A Lifetime of Learning Revisited

First posted in March, 2010

“What you want to do that for?” Lincoln, an old acquaintance, said when I told him I was thinking of taking a class in photography. I explained that I’d bought a new camera and wanted to know how to take professional quality photographs. “Are you thinking of becoming a professional photographer?” he asked. “No, I just want to learn to take better pictures.”

“I’ll show you how,” he said. “Shouldn’t take more than five minutes. Just point at the person or object, make sure your back is to the sun and press the shutter. Simple.” He didn’t see any reason to spend time in a class to learn something that would be of little use. “You can’t make any money from it. Besides, you’re retired. Why waste your time?”

He and I have argued about other things. Like me, he’s been retired for a number of years. He spends his time watching TV,  complaining about the state of the world and finding ways to kill time. “for what?” I ask him. He doesn’t reply. I tell him I don’t want to kill time. “There’s so much I don’t know and so much I want to learn.”  However, Lincoln sees no value in learning for the sake of learning. Why study if you don’t have to? is his attitude. He shakes his head and takes out a magazine from his back pocket.

Whether it is formal or informal, for me, learning is a lifetime endeavor. Formal learning is what is taught in school following a prescribed curriculum. When we are young, mandatory education during those primary and secondary years prepares us to become good citizens, good consumers, and productive members of society. Formal learning in college or technical schools also has an end result – a diploma or a certificate of achievement. The reward can be monetary or professional development and sometimes acknowledgment from others. Formal learning can also be undertaken when one wants to learn a skill or to enhance ones knowledge of a subject.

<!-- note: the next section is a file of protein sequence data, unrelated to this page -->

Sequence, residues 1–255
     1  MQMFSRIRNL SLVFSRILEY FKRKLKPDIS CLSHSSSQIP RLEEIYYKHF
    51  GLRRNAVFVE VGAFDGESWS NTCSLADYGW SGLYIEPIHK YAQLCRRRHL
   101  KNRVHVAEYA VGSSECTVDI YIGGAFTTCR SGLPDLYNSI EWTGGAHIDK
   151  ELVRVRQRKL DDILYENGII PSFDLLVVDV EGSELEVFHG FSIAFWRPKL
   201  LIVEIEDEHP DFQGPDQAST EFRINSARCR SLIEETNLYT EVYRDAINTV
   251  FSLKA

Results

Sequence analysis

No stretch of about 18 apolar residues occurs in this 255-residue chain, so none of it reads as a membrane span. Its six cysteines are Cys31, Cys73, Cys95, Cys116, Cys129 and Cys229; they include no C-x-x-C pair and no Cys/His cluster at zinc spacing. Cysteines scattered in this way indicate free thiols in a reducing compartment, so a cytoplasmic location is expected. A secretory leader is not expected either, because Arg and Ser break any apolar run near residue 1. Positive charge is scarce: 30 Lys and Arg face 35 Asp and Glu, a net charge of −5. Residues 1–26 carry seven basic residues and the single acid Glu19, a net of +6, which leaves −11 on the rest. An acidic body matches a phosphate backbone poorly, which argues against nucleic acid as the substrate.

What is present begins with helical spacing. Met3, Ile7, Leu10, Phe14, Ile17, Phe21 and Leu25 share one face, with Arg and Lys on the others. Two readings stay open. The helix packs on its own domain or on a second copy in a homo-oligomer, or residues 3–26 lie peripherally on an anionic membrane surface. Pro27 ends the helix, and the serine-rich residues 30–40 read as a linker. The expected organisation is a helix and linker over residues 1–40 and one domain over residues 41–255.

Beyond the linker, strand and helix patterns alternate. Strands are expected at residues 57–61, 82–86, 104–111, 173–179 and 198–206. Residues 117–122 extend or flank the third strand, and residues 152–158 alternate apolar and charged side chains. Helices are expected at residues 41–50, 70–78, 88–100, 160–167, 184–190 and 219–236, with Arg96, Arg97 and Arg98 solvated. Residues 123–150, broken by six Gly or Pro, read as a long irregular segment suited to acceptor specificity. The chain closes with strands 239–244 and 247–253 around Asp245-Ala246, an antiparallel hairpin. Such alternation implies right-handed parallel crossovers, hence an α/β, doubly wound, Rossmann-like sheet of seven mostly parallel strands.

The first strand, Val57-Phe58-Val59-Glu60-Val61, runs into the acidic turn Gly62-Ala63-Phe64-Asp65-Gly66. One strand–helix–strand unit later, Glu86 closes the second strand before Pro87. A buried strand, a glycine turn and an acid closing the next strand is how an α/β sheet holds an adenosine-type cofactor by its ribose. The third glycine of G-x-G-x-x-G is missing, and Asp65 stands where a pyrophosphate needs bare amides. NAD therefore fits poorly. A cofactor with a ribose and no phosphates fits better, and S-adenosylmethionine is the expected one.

Informal learning is personal. It involves being attentive to the things around you and purposely pursuing to understand them and in doing so, to understand yourself as well. There is no set curriculum. You determine what you want to learn, how and why. You are not restricted by time. The reward is internal and the results satisfying.

Informal learning doesn’t have to be expensive.

  • Start with your local library. It contains a wealth of information. When I had the opportunity to study on my own, I read works written by authors I’d heard about. Studying their body of work was more satisfying because I could take my time. I didn’t need to take a test to prove what I’d learned. In addition,  I checked out all types of music including blues, classical and jazz and found many I loved. If there was something I wanted to know, I did research about it in the library.
  • Another place of learning is the museum. Some charge a nominal fee, others are free.
  • During the summer, parks have free or inexpensive concerts.
  • If there is a college nearby, attend a free lecture.
  • If you like to garden but don’t have a lot of space, consider container gardening. A friend of mine grows wonderful vegetables like tomatoes, onions, peppers in pots on her patio.
  • Another friend learned to make wine and soap from a book she got from the library.
  • My friend Mattie taught herself to knit, crochet and macrame.

It doesn’t matter what it is, learning keeps your mind fresh and open. The more you learn, the more you will want to learn. Age is not a barrier. In other words, an old dog can learn new tricks. Others, like my friend Lincoln, may wonder why anybody would want to learn things which have no monetary value and are not needed in our modern lives today. Everyone should explore the world around them. They will find learning to be rewarding, enriching and life enhancing.

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